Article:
Dear Mr. Berko: For several months I've been agonizing over whether to buy 75 shares of AT&T for my IRA. I guess I need guidance. Please tell me your thoughts on this stock and help me make a decision. I know you recommended the stock last year at $28 but its 10 points higher now and I can't decide if the price is too high or if it can move higher. My next question concerns the $6.50 FCC Authorized Charge for Network Access. I've been paying this fee for years now and it never goes away and is 25 percent of my monthly bill. When will this tax go away? How does this tax affect AT&T's profits? And if the charge goes away, will the stock of AT&T and other telephone companies decline in value?
T.S.: Boca Raton, Fla.
Dear T.S.: I really like AT&T (T-$40) and believe it has excellent appeal as both a short-term and long-term investment. AT&T, with a generous $1.42 dividend that is almost certain to be raised next year, might be a superb choice for investors who are seeking shelter from the current market volatility. AT&T is the largest land line phone company in the U.S. as well as the largest wireless (Cingular) company with deepest spectrum portfolio of any carrier in the nation's largest markets.
Of course, Cingular's recent agreement with Apple and its revolutionary iPhone gives T an impressive edge in its brutal battle with Verizon over market share. And T's $85 billion purchase of Bell South will add about $45 billion to revenues as well as impressive synergies that could exceed $5 billion annually by the end of the decade.
Management expects net profit margins, which will be 13.5 percent this year, to increase by 40 percent to an impressive 19 percent in the coming four to five years. This 19 percent net profit margin is enormously impressive. For example, Verizon's net profit margin is expected to be 8.6 percent in the same time. No other phone company comes close to this brutal efficiency.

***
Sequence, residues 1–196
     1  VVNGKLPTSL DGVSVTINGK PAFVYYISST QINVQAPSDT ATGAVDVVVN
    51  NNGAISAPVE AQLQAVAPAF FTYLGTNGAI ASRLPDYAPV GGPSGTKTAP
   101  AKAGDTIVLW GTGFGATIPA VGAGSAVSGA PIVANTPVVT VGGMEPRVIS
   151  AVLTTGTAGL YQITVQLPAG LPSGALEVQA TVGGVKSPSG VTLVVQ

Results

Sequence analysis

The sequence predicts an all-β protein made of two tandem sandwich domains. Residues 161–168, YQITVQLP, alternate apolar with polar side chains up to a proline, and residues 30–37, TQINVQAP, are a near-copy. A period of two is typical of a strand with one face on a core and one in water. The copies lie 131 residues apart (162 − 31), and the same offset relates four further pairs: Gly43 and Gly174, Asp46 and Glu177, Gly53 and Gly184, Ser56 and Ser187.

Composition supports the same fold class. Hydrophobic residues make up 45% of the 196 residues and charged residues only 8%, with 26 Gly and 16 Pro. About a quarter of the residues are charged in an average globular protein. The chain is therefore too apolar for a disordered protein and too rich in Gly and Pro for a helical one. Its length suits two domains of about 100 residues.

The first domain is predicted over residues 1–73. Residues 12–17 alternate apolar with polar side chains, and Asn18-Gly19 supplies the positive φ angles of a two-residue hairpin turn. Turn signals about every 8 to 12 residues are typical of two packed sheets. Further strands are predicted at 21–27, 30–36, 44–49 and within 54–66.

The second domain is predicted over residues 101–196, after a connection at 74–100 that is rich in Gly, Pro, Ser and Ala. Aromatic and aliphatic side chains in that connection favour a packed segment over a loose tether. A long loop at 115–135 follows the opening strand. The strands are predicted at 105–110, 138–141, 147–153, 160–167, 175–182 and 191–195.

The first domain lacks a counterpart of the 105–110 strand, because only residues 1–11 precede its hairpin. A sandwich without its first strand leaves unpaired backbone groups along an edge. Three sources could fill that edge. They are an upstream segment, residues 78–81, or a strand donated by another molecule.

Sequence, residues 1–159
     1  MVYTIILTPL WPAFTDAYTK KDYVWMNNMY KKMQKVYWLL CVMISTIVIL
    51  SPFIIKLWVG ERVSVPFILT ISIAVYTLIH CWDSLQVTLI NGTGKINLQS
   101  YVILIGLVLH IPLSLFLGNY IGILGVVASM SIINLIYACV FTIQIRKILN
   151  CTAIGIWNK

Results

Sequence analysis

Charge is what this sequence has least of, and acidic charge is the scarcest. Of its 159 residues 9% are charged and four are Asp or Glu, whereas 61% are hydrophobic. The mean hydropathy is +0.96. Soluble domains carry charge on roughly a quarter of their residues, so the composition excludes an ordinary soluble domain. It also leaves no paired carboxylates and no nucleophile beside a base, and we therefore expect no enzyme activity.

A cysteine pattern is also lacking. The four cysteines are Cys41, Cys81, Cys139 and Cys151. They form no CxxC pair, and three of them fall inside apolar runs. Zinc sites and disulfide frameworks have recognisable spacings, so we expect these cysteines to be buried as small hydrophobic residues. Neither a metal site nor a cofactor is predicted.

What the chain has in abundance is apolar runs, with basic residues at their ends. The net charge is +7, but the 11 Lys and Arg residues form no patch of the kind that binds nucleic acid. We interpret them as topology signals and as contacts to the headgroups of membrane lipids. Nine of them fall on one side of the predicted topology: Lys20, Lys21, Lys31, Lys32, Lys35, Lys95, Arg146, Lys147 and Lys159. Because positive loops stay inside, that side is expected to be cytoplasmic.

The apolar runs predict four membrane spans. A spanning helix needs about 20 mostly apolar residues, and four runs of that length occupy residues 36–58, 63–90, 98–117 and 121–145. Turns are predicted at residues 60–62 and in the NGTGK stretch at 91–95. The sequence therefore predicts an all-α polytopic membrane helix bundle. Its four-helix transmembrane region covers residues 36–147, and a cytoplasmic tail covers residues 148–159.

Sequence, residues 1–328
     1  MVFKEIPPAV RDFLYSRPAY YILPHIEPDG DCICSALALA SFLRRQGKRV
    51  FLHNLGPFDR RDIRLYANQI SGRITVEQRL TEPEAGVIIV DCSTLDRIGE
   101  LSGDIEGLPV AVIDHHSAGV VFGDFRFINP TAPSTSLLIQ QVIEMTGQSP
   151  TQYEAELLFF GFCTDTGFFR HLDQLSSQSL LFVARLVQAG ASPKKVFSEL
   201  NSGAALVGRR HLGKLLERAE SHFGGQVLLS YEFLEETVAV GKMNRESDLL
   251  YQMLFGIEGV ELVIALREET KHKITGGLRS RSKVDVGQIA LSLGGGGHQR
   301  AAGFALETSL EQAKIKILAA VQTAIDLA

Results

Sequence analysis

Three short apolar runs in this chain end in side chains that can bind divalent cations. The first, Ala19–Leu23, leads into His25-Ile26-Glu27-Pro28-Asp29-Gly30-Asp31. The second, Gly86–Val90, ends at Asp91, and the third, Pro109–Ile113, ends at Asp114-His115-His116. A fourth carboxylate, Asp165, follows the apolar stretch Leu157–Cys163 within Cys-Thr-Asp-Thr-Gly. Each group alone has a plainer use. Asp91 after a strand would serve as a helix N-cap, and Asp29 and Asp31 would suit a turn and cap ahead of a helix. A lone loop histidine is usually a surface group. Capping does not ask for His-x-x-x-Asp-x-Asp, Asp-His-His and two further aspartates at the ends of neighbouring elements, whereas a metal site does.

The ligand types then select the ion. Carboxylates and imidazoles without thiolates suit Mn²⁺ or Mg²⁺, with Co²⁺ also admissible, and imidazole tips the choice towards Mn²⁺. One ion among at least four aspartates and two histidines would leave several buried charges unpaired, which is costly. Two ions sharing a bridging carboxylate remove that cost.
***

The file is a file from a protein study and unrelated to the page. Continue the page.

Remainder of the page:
In the next four years Wall Street analysts believe T's earnings will grow by 50 percent to $3.90 and T's dividend will grow by 40 percent to $1.85. I could wax eloquently and tell you that T's Internet service is the largest in the U.S., that one-third of T's 50 million residential customers subscribe to this service, that T's directory publishing business generates enormous cash flow and is conservatively valued at $20 billion.
I can also tell you that T's network upgrade plans and its good relationships with residential and business customers enable it to offer better service and more options without the need for expensive capital. What's more, T is gaining significant advantages in the huge broadband market that had traditionally been dominated by Comcast and Time Warner. But I'm not going to dwell on those impressive advantages. Rather I'm going to suggest that you stop dillydalling and shilly-shalling and buy 75 shares of T for your IRA right now.
I believe that AT&T should be a core issue in every serious, long-term growth portfolio. Its dandy dividend yields a swell 3.8 percent and in the next four to five years AT&T could trade in the high $60s to low $70s.
Several years ago I wrote the Federal Communications Commission to inquire about the monthly $6.50 Authorized Charge for Network Access. I got some answers but they were pure palaver and didn't make a whit of sense to me. Because I own AT&T, I decided to write several folks at T's corporate headquarters in San Antonio, including the CEO, and the CFO. My last letter was dated May 2007, but the good folks there probably receive so much mail that they haven't had time to respond to my inquiry.
The FCC Authorized Charge for Network Access allows T to "recover costs associated with connecting to a telecommunications service provider's interstate network." Well, cheeze and crackers got all muddy - at $6.50 a month per land-line times 50 million land-lines the surcharge totals a whopping $325 million each month. That comes to nearly $4 billion a year which is 25 percent of T's expected Net Profit for 2007, which "ain't chopped liver."
Certainly this tariff, during the last 5 years, would have allowed T to recover its costs. But nobody at T has responded. Perhaps you ought to write your congressman, whose vote may have been encouraged by T's lobbyists. By the way, I heard that the FCC Access Charge will increase by 3 percent later this year. Isn't that a poke in the eye?
Please address your financial questions to Malcolm Berko, P.O. Box 1416, Boca Raton, FL 33429 or e-mail him at firstname.lastname@example.org.
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